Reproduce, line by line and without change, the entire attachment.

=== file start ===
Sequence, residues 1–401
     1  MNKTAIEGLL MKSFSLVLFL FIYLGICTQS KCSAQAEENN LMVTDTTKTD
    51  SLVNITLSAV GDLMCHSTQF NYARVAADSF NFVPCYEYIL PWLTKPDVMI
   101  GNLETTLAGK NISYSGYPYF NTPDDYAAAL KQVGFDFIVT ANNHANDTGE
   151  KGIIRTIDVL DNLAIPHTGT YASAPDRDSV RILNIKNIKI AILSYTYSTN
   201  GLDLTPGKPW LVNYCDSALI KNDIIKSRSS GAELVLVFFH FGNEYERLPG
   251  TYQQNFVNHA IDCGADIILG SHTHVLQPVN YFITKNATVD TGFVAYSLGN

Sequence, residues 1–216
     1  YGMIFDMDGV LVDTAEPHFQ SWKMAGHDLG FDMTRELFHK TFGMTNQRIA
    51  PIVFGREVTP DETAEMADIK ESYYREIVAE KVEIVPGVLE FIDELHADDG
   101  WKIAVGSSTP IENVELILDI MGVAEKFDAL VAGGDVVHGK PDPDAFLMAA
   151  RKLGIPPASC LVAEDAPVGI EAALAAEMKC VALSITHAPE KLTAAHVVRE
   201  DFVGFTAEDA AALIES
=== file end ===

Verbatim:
Sequence, residues 1–401
     1  MNKTAIEGLL MKSFSLVLFL FIYLGICTQS KCSAQAEENN LMVTDTTKTD
    51  SLVNITLSAV GDLMCHSTQF NYARVAADSF NFVPCYEYIL PWLTKPDVMI
   101  GNLETTLAGK NISYSGYPYF NTPDDYAAAL KQVGFDFIVT ANNHANDTGE
   151  KGIIRTIDVL DNLAIPHTGT YASAPDRDSV RILNIKNIKI AILSYTYSTN
   201  GLDLTPGKPW LVNYCDSALI KNDIIKSRSS GAELVLVFFH FGNEYERLPG
   251  TYQQNFVNHA IDCGADIILG SHTHVLQPVN YFITKNATVD TGFVAYSLGN

Sequence, residues 1–216
     1  YGMIFDMDGV LVDTAEPHFQ SWKMAGHDLG FDMTRELFHK TFGMTNQRIA
    51  PIVFGREVTP DETAEMADIK ESYYREIVAE KVEIVPGVLE FIDELHADDG
   101  WKIAVGSSTP IENVELILDI MGVAEKFDAL VAGGDVVHGK PDPDAFLMAA
   151  RKLGIPPASC LVAEDAPVGI EAALAAEMKC VALSITHAPE KLTAAHVVRE
   201  DFVGFTAEDA AALIES